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Smoking ban now in force in bars, restaurants

Posted January 2, 2010
Updated January 3, 2010

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— If you want to light up while sipping coffee at a diner or a beer at the neighborhood bar, you'll now have to take it outside in North Carolina.

Smokers have to take it outside Smokers have to take it outside

A new law took effect at midnight prohibiting smoking inside essentially all restaurants and bars in the state. The Legislature and Gov. Beverly Perdue agreed to the ban back in May. Enforcement began early Saturday.

Businesses that break the no-smoking law can be fined up to $200 per day, and smokers themselves could get burned with a $50 fine if they keep puffing after they're told to stop.

Enforcing the law will be driven by complaints from the public.

To file a complaint, people can call the local health department, complete an online form at the SmokeFree.NC.gov Web site or call the N.C. CARE-LINE toll-free at 800-662-7030.

Inspectors will give a restaurant at least two written warnings before imposing a fine.

Smoking has always been prohibited at Tobacco Road Sports Cafe, at 222 Glenwood Ave in Raleigh. Co-Owner Brian Amra said Saturday that he is not surprised smoking is now banned at all restaurants and bars.

"We knew this was coming,” he said.

Amra said being smoke-free has not hurt business. Nevertheless, some restaurant patrons are not happy about being told they can't smoke inside.

"I don't like the government coming in and telling me what I can and cannot do," Chuck Farnhar said.

Farnhar, who used to be a smoker, said while he doesn't like the law, he does think it might do some good.

"There are better things to spend money on. ... We will all get healthier, they say," Farnhar said.

Outside restaurant or bar patios are exempt from the ban unless they have a roof and a wall or side coverings on all sides or all sides but one.

Sales associate Nelson Kent said the Lowe's Home Improvement store in Cary is seeing a surge in large propane heater sales. Restaurant and bar owners are buying the units in an attempt to take the chill off their customers as they go outside to smoke.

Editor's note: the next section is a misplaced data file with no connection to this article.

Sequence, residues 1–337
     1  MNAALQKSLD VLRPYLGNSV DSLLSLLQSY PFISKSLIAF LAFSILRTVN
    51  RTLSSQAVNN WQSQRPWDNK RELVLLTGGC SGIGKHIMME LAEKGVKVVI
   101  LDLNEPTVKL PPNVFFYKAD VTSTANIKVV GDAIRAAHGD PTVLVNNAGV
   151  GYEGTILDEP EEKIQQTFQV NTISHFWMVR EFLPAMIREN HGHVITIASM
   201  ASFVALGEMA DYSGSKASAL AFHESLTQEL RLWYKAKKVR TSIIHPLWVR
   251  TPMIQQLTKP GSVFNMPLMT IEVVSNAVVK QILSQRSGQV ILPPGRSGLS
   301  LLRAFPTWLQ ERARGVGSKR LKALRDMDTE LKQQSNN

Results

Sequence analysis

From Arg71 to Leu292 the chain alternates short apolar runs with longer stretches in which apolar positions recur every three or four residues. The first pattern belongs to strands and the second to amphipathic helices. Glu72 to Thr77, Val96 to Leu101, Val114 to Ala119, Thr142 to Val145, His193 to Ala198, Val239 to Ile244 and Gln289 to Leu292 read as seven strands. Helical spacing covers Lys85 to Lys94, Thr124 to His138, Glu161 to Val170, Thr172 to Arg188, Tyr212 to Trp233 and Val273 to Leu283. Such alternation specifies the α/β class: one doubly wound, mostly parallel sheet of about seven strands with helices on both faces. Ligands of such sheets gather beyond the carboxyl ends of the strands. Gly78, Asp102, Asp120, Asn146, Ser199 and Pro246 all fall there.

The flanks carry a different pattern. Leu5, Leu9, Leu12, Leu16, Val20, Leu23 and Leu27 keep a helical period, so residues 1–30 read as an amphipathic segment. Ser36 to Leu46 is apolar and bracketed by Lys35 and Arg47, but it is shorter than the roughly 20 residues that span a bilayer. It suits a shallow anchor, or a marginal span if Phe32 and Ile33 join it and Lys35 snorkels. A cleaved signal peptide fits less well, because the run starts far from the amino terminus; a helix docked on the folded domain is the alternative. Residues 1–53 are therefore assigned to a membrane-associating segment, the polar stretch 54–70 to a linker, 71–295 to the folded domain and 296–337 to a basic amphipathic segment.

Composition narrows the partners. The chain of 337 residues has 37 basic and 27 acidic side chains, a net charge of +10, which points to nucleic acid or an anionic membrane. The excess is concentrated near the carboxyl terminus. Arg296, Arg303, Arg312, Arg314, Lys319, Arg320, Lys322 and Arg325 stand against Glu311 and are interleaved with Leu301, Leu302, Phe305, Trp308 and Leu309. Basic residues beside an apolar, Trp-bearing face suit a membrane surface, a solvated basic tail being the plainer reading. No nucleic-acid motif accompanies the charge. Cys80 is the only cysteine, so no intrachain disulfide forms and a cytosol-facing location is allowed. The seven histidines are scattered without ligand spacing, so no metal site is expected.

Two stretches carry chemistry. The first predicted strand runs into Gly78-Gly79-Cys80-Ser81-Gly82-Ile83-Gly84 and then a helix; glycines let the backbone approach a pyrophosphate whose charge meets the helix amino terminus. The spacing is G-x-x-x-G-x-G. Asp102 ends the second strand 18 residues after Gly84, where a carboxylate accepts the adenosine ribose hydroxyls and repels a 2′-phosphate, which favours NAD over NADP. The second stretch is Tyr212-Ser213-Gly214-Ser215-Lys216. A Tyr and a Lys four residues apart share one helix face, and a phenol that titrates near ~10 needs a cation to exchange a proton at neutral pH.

"Right now, we have some on order, but we are currently out of them," Kent said. "They don't buy just one; they buy multiple ones. That is why they are hard to keep in stock."

Nonprofit private clubs that serve food or drink such as country clubs and those run by fraternal organizations, such as Kiwanis and the Elks, largely can permit smoking. Hotels and inns can still set aside 20 percent of their rooms for smokers.

Cigar bars are exempt when they meet several requirements, as well as hookah bars that neither provide food nor operate a bar.

The owner of Hookah Harar Cafe, in the Mission Valley shopping center in Raleigh, said he believes that his business and others like it should be exempt from the ban.

To comply with it, though, he said he will continue to sell tobacco and allow customers to smoke in a designated area inside the store. No smoking will be allowed in his restaurant next door.

Health advocates say the ban will protect workers and patron from secondhand smoke inside pubs and eateries. The passage is another smoking restriction in a state that remains the nation's leading tobacco grower.

18 Comments

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  • lorivalentine1 Jan 4, 2010

    Good riddance to smoking indoors.. Now I can go to some of the places I would like without smelling like an ashtray or having an asthma attack due to the smoke and smell and they can still smkoe. outside. Win/win solution I would say.